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A confined closed greenhouse (CGH) was applied to save energy and to investigate how tomatoes respond to specific microclimatic con-ditions. As such, new dynamic set-points for precise climate control were used in the CGH compared to those applied in a conventional greenhouse. Based on the reduced ventilation frequency in the CGH, the results showed that higher levels of mean temperature, CO2 concentration and relative humidity were achieved. Although the light interception was increased in the CGH, these changing micro-climatic conditions resulted in higher rates of photosynthesis and an associated faster crop growth. This means that the mean plant height was increased by 1.5 m, which was the decisive factor to increase the total yield by 21.4 % in relation to that produced in the conventional greenhouse. The new microclimatic environment caused by the CGH promoted the accumulation of primary and secondary plant compounds in tomatoes such as soluble solids (by 9 %), lycopene (by 22 %), ß-carotene (by 21 %), phenolics (by 8 %) and L-ascorbic acid (by 26 %) compared to conventional produced tomatoes. Compared to existing greenhouse systems, the results suggested that a CGH can be used to produce tomatoes in a sustainable way, where the water use and the energy use efficiency can be improved by 71 % and 43 %, respectively.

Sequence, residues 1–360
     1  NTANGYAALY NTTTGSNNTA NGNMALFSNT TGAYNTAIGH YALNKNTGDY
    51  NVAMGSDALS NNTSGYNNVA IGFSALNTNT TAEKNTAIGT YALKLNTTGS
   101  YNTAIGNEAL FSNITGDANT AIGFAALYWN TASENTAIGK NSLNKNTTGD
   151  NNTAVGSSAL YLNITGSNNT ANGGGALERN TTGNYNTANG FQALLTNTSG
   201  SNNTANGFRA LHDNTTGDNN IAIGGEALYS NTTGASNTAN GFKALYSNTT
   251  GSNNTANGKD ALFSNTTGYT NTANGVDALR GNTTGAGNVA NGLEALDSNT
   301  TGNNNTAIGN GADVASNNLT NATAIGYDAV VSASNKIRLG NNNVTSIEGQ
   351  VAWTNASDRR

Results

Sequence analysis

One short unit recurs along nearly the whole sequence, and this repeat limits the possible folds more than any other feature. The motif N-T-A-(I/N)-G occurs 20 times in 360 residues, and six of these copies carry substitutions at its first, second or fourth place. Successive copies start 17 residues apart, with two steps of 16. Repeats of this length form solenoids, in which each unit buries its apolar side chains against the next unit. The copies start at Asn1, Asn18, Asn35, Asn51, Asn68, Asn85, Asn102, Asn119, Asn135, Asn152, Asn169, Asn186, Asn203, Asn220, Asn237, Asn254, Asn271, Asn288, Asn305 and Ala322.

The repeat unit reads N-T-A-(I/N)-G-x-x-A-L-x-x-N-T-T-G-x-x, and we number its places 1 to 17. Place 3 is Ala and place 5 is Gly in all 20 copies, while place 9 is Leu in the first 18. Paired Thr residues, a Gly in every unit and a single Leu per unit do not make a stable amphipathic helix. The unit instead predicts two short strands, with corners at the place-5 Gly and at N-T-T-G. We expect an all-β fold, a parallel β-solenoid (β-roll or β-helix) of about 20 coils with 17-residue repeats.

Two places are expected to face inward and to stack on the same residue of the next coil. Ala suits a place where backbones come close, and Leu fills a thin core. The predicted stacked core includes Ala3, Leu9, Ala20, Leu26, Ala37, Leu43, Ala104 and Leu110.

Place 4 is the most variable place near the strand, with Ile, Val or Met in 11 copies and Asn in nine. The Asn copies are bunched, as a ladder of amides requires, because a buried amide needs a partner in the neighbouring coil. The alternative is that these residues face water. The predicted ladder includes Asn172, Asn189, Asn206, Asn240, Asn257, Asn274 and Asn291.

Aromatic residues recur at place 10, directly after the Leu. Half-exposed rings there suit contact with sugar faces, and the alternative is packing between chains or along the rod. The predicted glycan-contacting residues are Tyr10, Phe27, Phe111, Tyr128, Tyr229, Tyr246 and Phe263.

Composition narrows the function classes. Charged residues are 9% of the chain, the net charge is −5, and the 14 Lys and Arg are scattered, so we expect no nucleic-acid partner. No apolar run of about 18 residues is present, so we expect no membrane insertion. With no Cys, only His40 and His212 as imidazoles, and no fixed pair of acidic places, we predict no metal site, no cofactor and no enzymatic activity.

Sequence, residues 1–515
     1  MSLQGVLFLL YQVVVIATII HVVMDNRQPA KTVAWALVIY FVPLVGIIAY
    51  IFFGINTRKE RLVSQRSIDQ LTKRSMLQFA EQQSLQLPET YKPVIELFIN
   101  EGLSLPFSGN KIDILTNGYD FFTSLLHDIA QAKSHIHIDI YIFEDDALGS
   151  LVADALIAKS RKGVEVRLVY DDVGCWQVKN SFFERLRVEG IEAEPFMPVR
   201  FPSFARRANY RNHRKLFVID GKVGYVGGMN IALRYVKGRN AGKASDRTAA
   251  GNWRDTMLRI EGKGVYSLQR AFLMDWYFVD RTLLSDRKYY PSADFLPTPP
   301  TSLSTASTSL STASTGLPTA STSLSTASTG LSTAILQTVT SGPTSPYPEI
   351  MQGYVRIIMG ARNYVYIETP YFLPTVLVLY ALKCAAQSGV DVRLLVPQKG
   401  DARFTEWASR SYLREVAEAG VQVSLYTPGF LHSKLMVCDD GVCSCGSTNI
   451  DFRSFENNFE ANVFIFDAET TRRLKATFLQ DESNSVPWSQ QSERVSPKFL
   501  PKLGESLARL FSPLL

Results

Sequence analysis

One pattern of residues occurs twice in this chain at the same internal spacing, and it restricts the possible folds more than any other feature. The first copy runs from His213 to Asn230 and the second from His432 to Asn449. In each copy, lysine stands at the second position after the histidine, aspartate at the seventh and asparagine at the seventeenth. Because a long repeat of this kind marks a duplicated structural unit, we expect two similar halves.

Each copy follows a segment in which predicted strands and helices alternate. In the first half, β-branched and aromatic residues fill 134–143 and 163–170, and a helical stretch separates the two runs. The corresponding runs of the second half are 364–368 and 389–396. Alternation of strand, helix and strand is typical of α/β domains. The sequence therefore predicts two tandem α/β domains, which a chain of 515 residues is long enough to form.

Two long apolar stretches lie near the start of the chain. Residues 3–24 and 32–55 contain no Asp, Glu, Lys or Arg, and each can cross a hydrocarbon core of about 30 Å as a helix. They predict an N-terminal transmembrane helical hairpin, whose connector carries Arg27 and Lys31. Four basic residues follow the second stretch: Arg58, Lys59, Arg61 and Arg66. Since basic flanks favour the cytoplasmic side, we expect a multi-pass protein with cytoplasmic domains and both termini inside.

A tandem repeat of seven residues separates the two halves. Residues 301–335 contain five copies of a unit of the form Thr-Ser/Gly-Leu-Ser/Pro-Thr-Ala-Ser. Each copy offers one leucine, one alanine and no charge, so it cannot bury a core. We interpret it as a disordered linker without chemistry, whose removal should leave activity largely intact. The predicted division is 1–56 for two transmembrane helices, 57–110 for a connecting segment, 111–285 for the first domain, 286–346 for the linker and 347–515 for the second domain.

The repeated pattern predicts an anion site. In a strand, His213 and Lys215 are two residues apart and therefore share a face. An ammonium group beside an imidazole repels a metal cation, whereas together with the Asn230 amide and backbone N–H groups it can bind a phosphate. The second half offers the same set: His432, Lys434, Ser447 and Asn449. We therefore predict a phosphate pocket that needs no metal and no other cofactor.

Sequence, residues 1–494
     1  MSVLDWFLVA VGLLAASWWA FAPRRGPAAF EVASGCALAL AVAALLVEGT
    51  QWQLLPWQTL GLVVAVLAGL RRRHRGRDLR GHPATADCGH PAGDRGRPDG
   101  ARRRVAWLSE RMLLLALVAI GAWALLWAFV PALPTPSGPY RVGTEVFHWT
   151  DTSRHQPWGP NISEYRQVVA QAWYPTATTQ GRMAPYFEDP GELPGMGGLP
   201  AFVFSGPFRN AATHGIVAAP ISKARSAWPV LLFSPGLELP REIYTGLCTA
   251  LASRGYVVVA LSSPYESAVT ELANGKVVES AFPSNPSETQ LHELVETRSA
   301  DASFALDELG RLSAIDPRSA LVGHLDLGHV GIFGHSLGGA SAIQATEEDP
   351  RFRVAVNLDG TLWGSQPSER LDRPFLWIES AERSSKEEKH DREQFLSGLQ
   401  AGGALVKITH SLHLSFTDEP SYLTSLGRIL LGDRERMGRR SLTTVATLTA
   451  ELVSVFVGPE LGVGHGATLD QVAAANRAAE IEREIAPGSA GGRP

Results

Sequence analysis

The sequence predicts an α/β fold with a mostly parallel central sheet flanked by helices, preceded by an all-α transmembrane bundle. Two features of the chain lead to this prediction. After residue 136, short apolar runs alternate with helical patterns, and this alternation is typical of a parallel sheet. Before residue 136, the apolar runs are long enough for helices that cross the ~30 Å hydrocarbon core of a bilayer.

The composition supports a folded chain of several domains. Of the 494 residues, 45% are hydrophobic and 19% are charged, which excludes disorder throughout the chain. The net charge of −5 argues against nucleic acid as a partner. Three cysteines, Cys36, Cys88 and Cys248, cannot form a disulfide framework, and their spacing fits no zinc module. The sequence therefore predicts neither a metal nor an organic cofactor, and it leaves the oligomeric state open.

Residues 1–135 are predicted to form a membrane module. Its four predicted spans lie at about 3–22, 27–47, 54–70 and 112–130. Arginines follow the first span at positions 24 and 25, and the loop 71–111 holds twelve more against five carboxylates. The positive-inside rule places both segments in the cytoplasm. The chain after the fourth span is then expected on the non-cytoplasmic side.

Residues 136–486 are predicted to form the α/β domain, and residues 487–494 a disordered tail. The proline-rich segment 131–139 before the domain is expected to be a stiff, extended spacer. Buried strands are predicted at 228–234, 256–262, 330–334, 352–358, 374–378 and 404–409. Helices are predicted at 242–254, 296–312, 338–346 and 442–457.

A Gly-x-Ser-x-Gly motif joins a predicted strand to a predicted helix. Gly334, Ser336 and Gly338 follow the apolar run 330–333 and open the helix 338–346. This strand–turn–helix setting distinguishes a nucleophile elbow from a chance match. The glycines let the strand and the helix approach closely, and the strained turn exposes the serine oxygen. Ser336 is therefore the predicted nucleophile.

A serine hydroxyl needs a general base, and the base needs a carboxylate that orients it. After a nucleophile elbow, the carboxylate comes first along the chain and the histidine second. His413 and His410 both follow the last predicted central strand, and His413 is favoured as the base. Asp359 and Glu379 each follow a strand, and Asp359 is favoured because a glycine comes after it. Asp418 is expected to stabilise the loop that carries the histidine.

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The classic methods for energetic evaluation of greenhouses are not sufficient to completely and precisely evaluate the components of a closed installation consisting of a greenhouse, solar techniques and heat storage. Therefore it is necessary to extend the spectrum of methods. For this purpose a few evaluation parameters of climate and solar technique can be instrumented. First of all the tightness of the greenhouse covering is investigated. Due to low air exchange (<0,3) the heat loss is reduced. This results, together with thermal screens, in higher humidity of greenhouse air. Therefore the strategy of vapor passing double screens is suitable to transport the water vapor in the roof zone without losing large quantities of sensible heat. During this process a significant increase of the V-enthalpy value (+116%) and simultaneously a slight growth of the V-air-value (+10%) is shown. The new V-enthalpy value makes it possible to have a combined view of sensible and latent heat flow during the evaluation of thermal screens because the insulation effect is taken into account as well as impermeability in relation to water vapor. Furthermore, it was determined that the heat consumption can be reduced up to 59% by using a double screen. In order to evaluate the efficiency of the heat pump, separate examinations of cooling and heating were executed to find the results for efficiency ratios of 4.9 (cooling) and 4.5 (heating). Furthermore, a significant influence of the auxiliary drive (e.g. circulation pumps) on the efficiency of the heat pump system was proofed. For cooling and dehumidification in the greenhouse, finned tube heat exchangers, situated in the roof zone, are suitable. The resulting induced light reduction (5%) can be compensated through additional yield. In addition, the efficiency of the roof cooling grows. This is based on the natural convection combined with increasing transpiration, which allows a latent cooling part until 35% and a collector’s efficiency up to 0.8. Using 50% collector area in the greenhouse system, an export of the stored heat is recommended for the remaining greenhouse area. Here, a solar fraction for heating support of 60% can be expected. As a storage concept, an above ground heat storage (1 m³/m²) is recommended. This requires at least a thermal insulation of the water surface area. Even low levels of insulation already allow a significant improvement in thermal insulation during low temperature storage systems. Another focus of the investigation aims to find out if further developments, of the method for heat requirement calculation of greenhouses, are possible. Therefore to begin with, a comparison between methods of building- and greenhouse techniques was made, whereas the method, according to the DIN 4701 and DIN EN 12831, proved to be inadequate. In contrast, the established Ucs-method (also called DeltaT-method) uses, at least during the day, a standard efficiency of conversion from solar heat into sensible heat. But there is no differentiation between the cultivated culture, the leaf area index or the irrigation type. The effort from thermal heat to evaporation remains undifferentiated as well. In this case transpiration measurements of adult tomato plants show that even at night, large amounts of thermal heat (40%) can be converted into latent heat. This indicates that the heat consumption of greenhouses can significantly be increased. Along with this, it is possible to extend the Ucs-method by using the enthalpy of air for a correction factor (hx) that depends on evaporation. This factor describes the increase of heat consumption through evapotranspiration and needs to be allocated with the heat consumption coefficient of a greenhouse without plants and irrigation (Ucs,dry). Taking the example of tomato cultivation, nocturnal hx factors of 1.8 and 2.1 were determined. Alternatively, the interpretation of the heat load in the greenhouse could be executed by using the so called enthalpy loading number (τ). This parameter uses just like the correction factor method, the enthalpy difference between internal and external air in order to take into account sensible, as well as, latent heat. For this, the example of the tomato cultivation shows nocturnal τ values of 2.6 (without screen), 1.5 (single screen) and 0.8 (with double and side wall screen). Prospectively, an advanced development of the indicated enthalpy models (hx and τ) at full-day conditions should be performed. Furthermore, it needs to be clarified to which extent energetic storage effects, resulting of the water vapor that emerged at daytime, affect the current nocturnal enthalpy state. In addition, case studies with different leaf areas, types of irrigation and insulation situations should be carried out. Hence groups for cultivar or cultivation types and greenhouse systems can be derived.